Captain Moore inspires Hornets to have the Midas touch at champs

IN GOOD TOUCH: The Hornets: Leanne West, Louise Reeves, Toni Payne, Mandy Moore, Fiona Lovett, Haylenne Groger, Mechelle Gardiner, Joe Campbell, Michelle Atkins, Therese Black, Jo Smith, Cathy Goodlock, Sue McGrath, Janelle Frost and Doreen Kearney. Photo: SUPPLIED.
IN GOOD TOUCH: The Hornets: Leanne West, Louise Reeves, Toni Payne, Mandy Moore, Fiona Lovett, Haylenne Groger, Mechelle Gardiner, Joe Campbell, Michelle Atkins, Therese Black, Jo Smith, Cathy Goodlock, Sue McGrath, Janelle Frost and Doreen Kearney. Photo: SUPPLIED.

At half time, 2-0 down in the National Touch League over-45s grand final, playing coach Mandy Moore took charge. 

Her charges in the Hunter-Western Hornets – players from across the Hunter region and Moore’s region of Western – were getting frustrated at not getting the run of play, of not having umpiring decisions go their way. 

However, Moore’s cool head cut through the heat of the huddle, telling the side to focus on what they could change themselves. 

They went back out with cooler heads and fresher legs and drew the score level just before the final siren – which meant overtime of a special sort: drop off.

Drop off is starting play with six on-field instead of seven, and every two minutes a siren blows and a player has to be removed from the field by either side.

When a side scores, the opposition has one final roll of the dice to score in reply, which if successful sees play resume as normal.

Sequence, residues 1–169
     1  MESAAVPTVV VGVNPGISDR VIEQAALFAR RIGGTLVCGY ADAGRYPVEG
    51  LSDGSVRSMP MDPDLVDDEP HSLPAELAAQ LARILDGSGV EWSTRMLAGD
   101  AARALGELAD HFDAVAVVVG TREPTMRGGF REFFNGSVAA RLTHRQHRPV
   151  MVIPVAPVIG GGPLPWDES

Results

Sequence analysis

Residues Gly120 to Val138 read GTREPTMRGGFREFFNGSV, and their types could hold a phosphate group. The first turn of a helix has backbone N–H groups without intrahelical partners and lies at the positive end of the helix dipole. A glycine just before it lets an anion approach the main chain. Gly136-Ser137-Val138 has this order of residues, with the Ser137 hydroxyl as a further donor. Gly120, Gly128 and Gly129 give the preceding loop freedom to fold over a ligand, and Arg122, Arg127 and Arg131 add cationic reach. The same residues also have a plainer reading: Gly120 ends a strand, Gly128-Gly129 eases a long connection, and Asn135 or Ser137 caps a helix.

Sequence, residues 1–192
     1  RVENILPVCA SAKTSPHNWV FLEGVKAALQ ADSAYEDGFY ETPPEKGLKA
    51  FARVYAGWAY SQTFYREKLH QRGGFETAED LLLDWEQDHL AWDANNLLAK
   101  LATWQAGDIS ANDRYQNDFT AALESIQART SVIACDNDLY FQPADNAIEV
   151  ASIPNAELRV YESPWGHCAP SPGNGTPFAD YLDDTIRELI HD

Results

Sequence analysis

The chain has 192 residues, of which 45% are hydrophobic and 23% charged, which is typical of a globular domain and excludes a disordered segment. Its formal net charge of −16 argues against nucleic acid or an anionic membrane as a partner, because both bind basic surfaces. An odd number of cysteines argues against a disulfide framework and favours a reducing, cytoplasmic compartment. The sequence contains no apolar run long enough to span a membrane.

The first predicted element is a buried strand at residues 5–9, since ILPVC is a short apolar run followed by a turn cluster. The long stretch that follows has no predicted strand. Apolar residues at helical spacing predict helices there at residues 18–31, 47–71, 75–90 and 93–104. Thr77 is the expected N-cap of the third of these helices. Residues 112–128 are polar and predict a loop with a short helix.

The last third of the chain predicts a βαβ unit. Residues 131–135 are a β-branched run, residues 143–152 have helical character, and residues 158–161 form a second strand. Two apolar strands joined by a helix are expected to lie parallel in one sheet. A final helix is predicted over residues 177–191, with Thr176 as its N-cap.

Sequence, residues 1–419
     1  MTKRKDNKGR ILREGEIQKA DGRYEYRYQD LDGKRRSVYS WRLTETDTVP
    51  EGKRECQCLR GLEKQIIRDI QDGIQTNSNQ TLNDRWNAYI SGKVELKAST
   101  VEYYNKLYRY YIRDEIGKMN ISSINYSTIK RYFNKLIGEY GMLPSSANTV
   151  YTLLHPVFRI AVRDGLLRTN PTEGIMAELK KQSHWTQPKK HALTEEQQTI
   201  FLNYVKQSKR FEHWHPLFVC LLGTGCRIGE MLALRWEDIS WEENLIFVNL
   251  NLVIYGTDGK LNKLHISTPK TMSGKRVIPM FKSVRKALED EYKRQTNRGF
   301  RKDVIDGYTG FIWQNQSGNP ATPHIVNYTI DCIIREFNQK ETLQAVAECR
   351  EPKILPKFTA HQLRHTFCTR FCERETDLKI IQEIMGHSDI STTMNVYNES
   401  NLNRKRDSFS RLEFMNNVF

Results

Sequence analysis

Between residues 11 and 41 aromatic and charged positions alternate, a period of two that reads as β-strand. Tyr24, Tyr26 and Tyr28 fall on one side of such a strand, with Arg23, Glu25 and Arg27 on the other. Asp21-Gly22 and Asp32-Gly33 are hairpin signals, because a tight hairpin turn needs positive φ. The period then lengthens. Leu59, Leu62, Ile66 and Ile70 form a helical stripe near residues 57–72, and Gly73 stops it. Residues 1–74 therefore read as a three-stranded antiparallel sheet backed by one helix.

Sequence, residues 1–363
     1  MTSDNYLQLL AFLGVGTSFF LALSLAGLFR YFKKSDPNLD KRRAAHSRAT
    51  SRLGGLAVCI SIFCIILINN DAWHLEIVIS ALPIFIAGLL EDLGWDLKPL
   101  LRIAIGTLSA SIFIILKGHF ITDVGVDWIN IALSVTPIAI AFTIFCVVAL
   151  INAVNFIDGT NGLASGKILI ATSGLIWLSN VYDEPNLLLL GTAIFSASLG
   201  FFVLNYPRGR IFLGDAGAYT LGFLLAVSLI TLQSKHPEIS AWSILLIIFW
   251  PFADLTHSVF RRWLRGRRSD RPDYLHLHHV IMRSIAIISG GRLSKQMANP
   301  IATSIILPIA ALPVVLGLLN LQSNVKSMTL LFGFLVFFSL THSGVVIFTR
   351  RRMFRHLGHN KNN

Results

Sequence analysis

So the Hornets and Sydney Scorpions – the side they were up against in the final – stared with six, and then dropped to five after two minutes. 

Then four. And then three. 

And they won. 

It was a nail-biter, it all goes so fast.

Mandy Moore

“It was a nail-biter, it all goes so fast,” Moore – who is from Orange – said of the grand final. 

“It was really exciting and made all the training worth it.”

Moore and fellow Orange player Cathy Goodlock had had to travel to Newcastle to take part in training, as had two Parkes players in Sue McGrath and Fiona Lovett. 

Moore has played with a lot of her teammates from Saturday’s grand final for 10 or 15 years, and was happy to take on the coaching role. 

This was Moore’s first time playing-coaching at the top level, and while she’s done it at other levels Nationals is a whole different kettle of fish. 

“There’s no time to stop and think,” she said. 

“I was very happy to come away with the title.

“We bombed three or four tries last year against the Scorpions last year … and I said to quite a few people that ‘I’m not coming home without that title’”.

The Hornets finished on top of the ladder in their pool, playing six modified games after the opening day of competition was washed out.

To make up for it, teams played three 30-minute games of touchdown turnaround on Thursday and Friday, of which the Hornets won three and drew one. 

Moore said the shorter games felt more difficult.

“You can get to touchdowns in a minute so with less time you had to be on song the whole time,” she said. 

“That’s what saved us in the final actually, those extra 10 minutes let us regroup and get back into the game.” 

Orange had two other players representing the Hornets, with Wayne Hill taking part in the men’s over-40s Hunter-Western side which lost to the Sydney Scorpions 10-6 in the grand final. 

The Hornets only lost the one game outside the grand final from their seven games, and the Hornets proved too good in the decider. 

Moore’s son Ryan took part in the open mixed side which finished fourth in a league dominated by Sydney Rebels and South Queensland Sharks.